As faculty around the world head back to class this fall, the foundational shift in our lives and our students’ lives caused by the ongoing COVID-19 pandemic needs to be acknowledged. Our world has forever changed and so should our pedagogical approaches to teaching. This article offers some methods for shifting your pedagogy to embrace 'positive pedagogy' which offers ways to care for ourselves and our students regardless of mode (in-person, virtual, or hybrid).
What is positive pedagogy?
According to Lea Walters in the open access book Positive Education Pedagogy: Shifting Teacher Mindsets, Practice, and Language to Make Wellbeing Visible in Classrooms, "Positive Education Pedagogy reflects the idea that how a teacher educates, not just what is taught, is a key factor in building student wellbeing." While this decade-old field has primarily seen growth in primary/K-12 education and in sports education, it is beginning to take hold in higher education as well.
Why do we need positive pedagogy?
Since the onset of the COVID-19 pandemic, people around the world have experienced tremendous crisis and grief. In addition to this horrific global pandemic, many have also witnessed atrocities such as public shootings and terrorist attacks along with mass destruction due to wildfires, floods, and hurricanes. Given all we and our students have been through, I believe that our classrooms need to be places where we can all grow emotionally and psychologically as well as in the specific knowledge and skills taught in each course.
The students returning to our classroom this fall are survivors. Some are still deeply hurting while others are rising from their experiences. Wherever your students fall on this spectrum, our pedagogical strategies need to shift so we meet our students 'where they are' in their personal, educational, and professional lives.
Take care of you! (otherwise known as advice from the airlines)
The first tenet of positive pedagogy is to take care of yourself so you can help others grow. Anyone who has flown on a plane has surely heard some version of the statement: Should the cabin lose pressure, oxygen masks will drop from the overhead area. Please place the mask over your own mouth and nose before assisting others.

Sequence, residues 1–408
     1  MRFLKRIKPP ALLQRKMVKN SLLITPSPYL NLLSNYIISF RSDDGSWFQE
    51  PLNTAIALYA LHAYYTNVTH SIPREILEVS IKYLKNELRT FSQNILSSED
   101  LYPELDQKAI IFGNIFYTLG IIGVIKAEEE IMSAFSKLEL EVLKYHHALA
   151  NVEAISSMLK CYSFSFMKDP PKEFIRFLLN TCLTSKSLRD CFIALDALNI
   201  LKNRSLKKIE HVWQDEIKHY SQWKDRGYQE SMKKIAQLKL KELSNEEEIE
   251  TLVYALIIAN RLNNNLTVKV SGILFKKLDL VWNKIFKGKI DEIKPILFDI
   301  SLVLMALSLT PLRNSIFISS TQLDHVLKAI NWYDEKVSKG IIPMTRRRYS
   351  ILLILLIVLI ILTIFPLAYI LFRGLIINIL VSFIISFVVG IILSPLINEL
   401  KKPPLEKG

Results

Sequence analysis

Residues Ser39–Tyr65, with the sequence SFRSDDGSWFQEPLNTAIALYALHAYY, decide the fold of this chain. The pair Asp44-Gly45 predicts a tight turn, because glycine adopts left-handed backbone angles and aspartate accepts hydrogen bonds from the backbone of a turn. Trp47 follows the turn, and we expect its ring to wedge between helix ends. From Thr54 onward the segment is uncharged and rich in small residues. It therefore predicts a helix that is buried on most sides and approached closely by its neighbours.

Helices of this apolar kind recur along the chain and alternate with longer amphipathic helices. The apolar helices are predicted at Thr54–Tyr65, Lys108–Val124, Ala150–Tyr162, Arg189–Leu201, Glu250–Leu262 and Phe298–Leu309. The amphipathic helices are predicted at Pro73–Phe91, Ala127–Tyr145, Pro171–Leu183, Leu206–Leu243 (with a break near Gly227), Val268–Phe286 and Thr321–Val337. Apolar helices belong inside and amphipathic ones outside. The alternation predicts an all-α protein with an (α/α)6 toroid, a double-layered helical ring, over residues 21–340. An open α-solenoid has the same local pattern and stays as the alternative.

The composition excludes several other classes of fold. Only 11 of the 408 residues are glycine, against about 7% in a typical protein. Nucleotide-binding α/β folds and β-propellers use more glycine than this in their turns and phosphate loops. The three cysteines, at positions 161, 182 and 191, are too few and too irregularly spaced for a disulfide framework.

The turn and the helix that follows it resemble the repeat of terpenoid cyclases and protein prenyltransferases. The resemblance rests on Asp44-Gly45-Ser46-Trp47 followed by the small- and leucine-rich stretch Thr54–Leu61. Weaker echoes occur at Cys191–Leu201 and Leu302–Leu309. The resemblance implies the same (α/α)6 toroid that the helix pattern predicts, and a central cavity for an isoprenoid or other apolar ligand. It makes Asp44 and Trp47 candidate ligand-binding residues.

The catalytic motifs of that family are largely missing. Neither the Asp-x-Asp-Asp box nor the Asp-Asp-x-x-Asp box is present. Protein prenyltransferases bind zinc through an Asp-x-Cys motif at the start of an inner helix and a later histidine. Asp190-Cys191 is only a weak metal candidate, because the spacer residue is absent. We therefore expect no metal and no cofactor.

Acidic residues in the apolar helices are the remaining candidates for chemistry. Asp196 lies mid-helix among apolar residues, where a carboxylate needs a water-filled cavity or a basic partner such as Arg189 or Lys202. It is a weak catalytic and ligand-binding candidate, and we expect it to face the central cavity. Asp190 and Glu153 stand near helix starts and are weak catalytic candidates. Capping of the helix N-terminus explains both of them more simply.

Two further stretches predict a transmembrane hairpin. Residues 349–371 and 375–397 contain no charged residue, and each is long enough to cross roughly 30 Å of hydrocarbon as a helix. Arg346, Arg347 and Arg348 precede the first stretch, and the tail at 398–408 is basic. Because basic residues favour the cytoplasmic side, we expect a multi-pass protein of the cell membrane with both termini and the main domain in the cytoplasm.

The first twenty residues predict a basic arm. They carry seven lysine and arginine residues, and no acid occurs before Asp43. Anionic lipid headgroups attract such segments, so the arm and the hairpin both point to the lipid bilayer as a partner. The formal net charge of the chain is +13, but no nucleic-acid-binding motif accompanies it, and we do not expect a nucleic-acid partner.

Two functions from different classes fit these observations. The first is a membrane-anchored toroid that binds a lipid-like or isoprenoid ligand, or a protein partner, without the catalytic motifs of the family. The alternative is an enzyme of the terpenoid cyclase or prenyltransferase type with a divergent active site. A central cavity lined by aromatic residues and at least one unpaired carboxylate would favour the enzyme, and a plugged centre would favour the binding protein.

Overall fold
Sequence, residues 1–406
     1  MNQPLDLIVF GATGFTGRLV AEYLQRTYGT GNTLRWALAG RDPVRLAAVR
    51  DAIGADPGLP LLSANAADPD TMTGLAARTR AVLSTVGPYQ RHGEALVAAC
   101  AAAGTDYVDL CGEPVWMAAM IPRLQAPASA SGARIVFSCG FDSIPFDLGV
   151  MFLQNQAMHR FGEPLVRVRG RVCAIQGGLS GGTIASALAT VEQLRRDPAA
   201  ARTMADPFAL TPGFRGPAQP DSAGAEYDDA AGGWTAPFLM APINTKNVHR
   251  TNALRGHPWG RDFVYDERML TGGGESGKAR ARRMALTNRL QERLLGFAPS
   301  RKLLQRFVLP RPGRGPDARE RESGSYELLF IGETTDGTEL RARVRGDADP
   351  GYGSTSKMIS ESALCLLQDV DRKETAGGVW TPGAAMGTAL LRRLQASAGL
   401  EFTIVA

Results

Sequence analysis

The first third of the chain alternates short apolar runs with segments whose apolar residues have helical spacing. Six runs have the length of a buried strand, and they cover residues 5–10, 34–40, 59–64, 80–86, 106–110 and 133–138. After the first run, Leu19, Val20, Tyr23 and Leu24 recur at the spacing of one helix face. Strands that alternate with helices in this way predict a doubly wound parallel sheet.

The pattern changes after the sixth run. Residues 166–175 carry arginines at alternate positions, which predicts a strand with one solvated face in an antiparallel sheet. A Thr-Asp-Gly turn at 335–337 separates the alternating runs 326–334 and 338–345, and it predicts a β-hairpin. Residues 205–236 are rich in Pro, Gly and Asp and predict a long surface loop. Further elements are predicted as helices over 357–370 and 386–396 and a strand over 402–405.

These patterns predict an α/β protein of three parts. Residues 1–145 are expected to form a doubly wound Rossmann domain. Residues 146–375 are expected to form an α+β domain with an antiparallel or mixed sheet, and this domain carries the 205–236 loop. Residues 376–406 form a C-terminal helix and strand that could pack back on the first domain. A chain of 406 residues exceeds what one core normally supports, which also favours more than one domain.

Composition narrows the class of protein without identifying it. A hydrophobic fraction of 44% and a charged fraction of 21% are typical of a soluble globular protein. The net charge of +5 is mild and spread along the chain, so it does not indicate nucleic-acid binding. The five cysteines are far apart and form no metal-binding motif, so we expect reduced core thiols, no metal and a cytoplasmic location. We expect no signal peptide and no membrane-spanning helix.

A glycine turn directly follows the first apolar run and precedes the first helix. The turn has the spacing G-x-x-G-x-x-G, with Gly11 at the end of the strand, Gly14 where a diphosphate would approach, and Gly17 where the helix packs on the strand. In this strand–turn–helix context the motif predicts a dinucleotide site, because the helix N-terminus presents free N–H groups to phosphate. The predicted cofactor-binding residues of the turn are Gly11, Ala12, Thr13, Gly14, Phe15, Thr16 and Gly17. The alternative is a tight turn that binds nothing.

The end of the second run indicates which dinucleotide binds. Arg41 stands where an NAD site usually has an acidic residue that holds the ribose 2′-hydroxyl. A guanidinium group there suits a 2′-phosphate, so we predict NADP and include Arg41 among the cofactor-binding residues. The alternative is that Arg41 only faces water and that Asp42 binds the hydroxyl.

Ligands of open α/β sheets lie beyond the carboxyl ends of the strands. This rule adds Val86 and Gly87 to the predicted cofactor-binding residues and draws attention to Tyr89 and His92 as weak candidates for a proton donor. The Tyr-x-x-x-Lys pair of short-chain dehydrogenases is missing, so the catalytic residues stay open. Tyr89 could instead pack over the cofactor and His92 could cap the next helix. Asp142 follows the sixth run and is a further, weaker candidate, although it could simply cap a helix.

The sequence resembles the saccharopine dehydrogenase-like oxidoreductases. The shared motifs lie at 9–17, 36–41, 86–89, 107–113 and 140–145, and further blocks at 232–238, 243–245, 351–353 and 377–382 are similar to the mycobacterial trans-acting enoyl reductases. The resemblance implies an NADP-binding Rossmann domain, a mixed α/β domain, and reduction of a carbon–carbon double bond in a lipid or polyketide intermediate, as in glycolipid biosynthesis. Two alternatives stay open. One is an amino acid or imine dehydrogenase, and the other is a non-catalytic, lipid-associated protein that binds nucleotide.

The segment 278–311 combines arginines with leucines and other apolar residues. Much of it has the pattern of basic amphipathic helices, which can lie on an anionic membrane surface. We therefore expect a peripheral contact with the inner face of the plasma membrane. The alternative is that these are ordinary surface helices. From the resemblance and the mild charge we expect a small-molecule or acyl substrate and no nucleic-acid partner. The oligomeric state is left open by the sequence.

As a mom, this request has always struck me as counter intuitive. My instinct is to protect my child first and then myself. As a teacher, I’m often in the same boat. But from a public safety and mental health perspective, we hear this advice often: if we don’t take care of ourselves first, we risk the inability to care for others. During the pandemic, faculty burnout has become its own crisis and for performing arts professors, this burnout carries a special weight. Day after day of trying to teach an inherently physically interactive craft online while fielding the devastating stories of our students has proven to be too much for many. We listen empathetically, we refer students to resources, we cut students breaks in their assignments and due dates. Ultimately, however, the heft of the pain and loss our students share with us can be too much to bear.
One way to begin protecting ourselves from burnout is to unplug. I know, easier said than done. Working from home has encouraged many to work longer, more irregular hours. In the Spring 2021 term, I fell asleep at my computer well after midnight many nights a week; I was surely not alone. Then one day, the dean of my department, Dr. Nicola Marae Allain, asked us all to refrain from sending emails outside of business hours and on weekends. The result was amazing: there was almost no flooding of our email inboxes overnight. Some tools to help you manage email are: